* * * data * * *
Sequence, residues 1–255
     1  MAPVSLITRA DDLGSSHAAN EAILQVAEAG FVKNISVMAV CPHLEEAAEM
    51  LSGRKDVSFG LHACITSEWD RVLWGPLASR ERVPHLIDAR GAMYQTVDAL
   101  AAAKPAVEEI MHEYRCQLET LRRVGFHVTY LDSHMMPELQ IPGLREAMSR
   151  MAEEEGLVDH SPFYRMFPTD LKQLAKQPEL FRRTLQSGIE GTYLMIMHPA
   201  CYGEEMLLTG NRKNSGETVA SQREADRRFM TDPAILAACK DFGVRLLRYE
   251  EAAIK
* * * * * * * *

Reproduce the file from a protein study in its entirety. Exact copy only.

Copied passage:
Sequence, residues 1–255
     1  MAPVSLITRA DDLGSSHAAN EAILQVAEAG FVKNISVMAV CPHLEEAAEM
    51  LSGRKDVSFG LHACITSEWD RVLWGPLASR ERVPHLIDAR GAMYQTVDAL
   101  AAAKPAVEEI MHEYRCQLET LRRVGFHVTY LDSHMMPELQ IPGLREAMSR
   151  MAEEEGLVDH SPFYRMFPTD LKQLAKQPEL FRRTLQSGIE GTYLMIMHPA
   201  CYGEEMLLTG NRKNSGETVA SQREADRRFM TDPAILAACK DFGVRLLRYE
   251  EAAIK